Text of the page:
On A level results day, the Universities Minister writes in today’s Telegraph that we want universities to wipe out mediocre teaching and drive up student engagement.
Those waiting for A level results this week know that our universities can play a huge part in their future success. However it’s no longer just traditional undergraduate studies on offer, students can also choose from our degree-level apprenticeships, which offer a direct route into a rewarding career.
And this year, the role universities play as drivers of productivity and engines of social mobility is greater than ever: we have, yet again, seen record application rates, including from disadvantaged pupils. At the same time we are seeing more people entering apprenticeships than ever before, offering an alternative for school-leavers which provides respected qualifications with a regular wage and on the job training with top UK employers.
Everyone making the big investment in their future that comes with a degree has a right to expect big returns on it, whichever institution they attend.
Graduates earn - on average - £9,500 a year more than non-graduates, and will pick up life skills, friendships and confidence that will benefit them for life.
But, there is unacceptable patchiness that requires our attention and, if we are to make sure that our university system retains its world leading status, we simply cannot stand still.
In my past year as Universities Minister I’ve seen our higher education system at its best, driving innovation, nurturing debate and helping everyone – whatever their background – go as far as their talents will take them.
But I’ve also seen troubling signs that it’s falling short of its potential and failing to deliver what students, employers and taxpayers require from it. That’s why this year I have set out important reforms to the higher education system.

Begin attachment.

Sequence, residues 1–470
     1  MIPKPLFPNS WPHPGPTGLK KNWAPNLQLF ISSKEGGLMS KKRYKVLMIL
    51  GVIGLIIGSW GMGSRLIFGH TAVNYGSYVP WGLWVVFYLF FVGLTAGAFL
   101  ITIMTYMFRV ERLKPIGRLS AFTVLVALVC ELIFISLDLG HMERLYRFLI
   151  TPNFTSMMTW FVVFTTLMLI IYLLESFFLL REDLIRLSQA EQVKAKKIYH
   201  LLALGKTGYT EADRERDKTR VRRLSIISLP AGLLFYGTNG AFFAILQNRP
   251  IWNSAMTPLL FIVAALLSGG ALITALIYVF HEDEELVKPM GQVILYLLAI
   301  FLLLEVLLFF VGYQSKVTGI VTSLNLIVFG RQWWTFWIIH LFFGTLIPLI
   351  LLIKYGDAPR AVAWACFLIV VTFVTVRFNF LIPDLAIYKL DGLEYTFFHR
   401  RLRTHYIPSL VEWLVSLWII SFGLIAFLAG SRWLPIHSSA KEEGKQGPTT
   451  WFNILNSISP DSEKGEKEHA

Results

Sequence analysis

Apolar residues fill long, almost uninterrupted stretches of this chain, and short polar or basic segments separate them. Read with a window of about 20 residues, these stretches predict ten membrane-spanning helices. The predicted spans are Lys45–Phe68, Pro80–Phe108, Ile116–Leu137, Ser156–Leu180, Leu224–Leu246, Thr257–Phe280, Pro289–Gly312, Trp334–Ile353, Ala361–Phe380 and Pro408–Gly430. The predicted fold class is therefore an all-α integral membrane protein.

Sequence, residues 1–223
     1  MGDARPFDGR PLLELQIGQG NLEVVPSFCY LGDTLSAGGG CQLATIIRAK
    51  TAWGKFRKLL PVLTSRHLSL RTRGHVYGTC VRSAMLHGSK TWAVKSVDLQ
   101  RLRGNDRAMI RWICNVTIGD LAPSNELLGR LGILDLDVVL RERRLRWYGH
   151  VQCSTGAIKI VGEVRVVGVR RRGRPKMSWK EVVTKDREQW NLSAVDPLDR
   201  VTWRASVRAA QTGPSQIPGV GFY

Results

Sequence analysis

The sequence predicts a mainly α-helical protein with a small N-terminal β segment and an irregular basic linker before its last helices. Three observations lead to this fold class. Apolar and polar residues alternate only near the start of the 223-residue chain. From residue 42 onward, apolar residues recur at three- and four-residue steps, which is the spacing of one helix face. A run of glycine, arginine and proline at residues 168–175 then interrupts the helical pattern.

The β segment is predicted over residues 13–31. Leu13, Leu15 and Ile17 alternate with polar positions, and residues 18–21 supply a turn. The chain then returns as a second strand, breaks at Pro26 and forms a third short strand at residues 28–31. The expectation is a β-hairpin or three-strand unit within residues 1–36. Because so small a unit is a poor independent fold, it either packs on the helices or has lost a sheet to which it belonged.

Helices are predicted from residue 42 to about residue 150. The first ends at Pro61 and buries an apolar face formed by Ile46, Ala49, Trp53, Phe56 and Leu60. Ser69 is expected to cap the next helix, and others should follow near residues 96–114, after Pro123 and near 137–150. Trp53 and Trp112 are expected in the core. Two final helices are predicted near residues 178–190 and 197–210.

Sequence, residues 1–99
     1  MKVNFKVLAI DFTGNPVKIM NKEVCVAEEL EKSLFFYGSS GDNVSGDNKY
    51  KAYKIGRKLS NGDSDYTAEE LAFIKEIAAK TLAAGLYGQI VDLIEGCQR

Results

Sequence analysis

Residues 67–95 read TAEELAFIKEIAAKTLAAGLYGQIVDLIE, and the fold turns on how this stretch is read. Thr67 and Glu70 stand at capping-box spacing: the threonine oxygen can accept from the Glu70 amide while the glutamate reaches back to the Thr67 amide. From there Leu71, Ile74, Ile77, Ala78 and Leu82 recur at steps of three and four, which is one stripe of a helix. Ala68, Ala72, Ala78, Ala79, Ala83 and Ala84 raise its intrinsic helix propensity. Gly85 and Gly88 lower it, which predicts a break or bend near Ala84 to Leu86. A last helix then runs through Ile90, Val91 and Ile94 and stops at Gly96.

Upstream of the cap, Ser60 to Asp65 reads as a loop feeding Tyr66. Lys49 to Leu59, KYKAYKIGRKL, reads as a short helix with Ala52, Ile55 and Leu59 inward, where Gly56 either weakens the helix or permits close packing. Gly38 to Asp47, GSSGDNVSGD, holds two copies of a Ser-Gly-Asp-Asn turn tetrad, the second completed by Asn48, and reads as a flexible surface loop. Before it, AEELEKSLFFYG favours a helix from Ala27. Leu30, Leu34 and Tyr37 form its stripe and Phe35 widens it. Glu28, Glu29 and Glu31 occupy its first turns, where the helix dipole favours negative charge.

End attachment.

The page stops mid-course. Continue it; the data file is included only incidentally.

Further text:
We want our universities to wipe out mediocre teaching and drive up student engagement – so for the first time we are placing the quality of teaching on a par with academic research through our new Teaching Excellence Framework.
Universities need to be sustainable and incentivised to improve, which is why we’ll be rating them on the quality of teaching and experience they offer their students. We will only allow universities to raise fees in line with inflation if they excel, and will even consider reducing their fees if they are performing badly.
We need to make sure universities are open and accessible to all young people – so we will be placing a duty on them to publish data on the backgrounds of all students they take on and will have a new regulatory body that will shine a light where inequality exists and have the power to take action.
But of course, university isn’t for everyone, and there are now big returns from other routes too.
Thanks to our reforms there are more apprenticeship options than ever before - from space engineering to social media, construction to finance. For many students opening their results on Thursday, an apprenticeship can be the next step into a successful, empowered career, working with experts in Britain’s top companies from BAE Systems to Lloyds Bank.
Working with employers we’ve also developed apprenticeships that allow students to learn on the job and earn a wage whilst working towards a degree. Degree apprenticeships are available in a wide range of subjects from public relations to aerospace engineering.
Our commitment to high quality apprenticeships, student choice and graduate outcomes are helping deliver the right routes to a rewarding career for every pupil. So good luck to all of you (including nervous parents) but don’t be scared of those letters, they can all open up a great future.
This article appeared in today's Telegraph.